Argentina's pack were competitive in last Saturday's 28-13 loss to world champions New Zealand and will look to bully a Wallabies side sapped of morale after a 38-12 thrashing by South Africa.
Pumas prop Marcos Ayerza forecast a "great contest" in the scrum, despite their opponents' struggles in the set piece against the All Blacks and Springboks.
"I think the scrum is such a unique formation and a unique part of the game," Ayerza told reporters in Perth. "It's amazing how it influences the psychological domination.
"I think one of our big strengths that gives us confidence is playing the physical game - the tight forward game ... We pride ourselves in that area."
Argentina, who are still chasing their first win in the southern hemisphere tournament, made four backline changes to the starting team that played New Zealand but left their pack largely intact, with hooker Agustin Creevy replacing Eusebio Guinazo.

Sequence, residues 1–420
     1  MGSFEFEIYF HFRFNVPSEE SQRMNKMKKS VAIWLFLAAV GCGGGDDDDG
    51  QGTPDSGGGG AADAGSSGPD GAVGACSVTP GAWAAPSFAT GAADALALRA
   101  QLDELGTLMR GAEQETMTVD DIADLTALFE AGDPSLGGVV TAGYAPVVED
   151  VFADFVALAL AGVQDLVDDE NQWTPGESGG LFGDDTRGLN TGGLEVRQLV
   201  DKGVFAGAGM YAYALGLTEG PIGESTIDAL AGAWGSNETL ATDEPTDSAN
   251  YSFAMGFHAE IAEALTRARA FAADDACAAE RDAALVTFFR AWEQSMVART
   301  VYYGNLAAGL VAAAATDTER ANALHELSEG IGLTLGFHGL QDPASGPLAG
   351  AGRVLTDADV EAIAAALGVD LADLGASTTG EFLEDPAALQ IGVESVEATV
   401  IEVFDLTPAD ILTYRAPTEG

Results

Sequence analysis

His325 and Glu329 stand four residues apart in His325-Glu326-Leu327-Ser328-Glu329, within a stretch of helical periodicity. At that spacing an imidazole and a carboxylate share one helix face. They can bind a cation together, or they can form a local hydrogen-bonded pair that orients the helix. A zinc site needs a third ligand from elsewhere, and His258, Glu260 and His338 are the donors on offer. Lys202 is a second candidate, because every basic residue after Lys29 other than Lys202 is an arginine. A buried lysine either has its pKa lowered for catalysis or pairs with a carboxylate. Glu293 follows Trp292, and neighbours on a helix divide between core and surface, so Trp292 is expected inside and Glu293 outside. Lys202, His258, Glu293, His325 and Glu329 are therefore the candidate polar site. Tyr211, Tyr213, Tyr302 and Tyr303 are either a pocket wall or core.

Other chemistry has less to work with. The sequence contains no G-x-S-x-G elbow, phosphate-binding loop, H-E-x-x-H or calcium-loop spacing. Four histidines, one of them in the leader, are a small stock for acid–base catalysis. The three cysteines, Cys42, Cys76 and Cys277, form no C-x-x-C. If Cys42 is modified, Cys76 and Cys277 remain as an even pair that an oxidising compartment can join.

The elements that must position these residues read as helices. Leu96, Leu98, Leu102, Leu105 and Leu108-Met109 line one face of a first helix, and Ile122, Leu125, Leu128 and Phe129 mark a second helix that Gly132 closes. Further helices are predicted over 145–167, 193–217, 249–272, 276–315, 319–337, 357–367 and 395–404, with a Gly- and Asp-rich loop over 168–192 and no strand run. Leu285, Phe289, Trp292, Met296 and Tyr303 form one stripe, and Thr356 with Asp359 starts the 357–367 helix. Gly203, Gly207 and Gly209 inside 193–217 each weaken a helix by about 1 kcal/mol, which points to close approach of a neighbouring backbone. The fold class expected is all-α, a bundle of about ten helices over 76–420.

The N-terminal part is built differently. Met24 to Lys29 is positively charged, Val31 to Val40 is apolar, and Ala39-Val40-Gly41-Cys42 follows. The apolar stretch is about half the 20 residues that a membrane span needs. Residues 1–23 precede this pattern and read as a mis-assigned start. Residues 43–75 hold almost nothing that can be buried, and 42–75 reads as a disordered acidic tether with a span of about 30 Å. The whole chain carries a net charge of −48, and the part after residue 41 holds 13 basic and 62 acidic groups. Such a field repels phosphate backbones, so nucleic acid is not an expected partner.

Ayerza, who plays for Leicester Tigers, put the onus on his forwards team-mates to put points on the board, rather than leave the scoring to the backs.
"I feel the modern game hasn't given the scrum the importance it needs," the 30-year-old loosehead said.
"You've seen over the last five or 10 years how many teams have put the ball in and out (of the scrum) and just played it as a platform and not as a psychological dominance.
"It's a way of getting penalties.
"A pushover scrum is five points, same as 20 phases of fancy game," he added. "I prefer having the adrenaline and satisfaction of a pushover scrum.
"A good scrum dominance is second to none."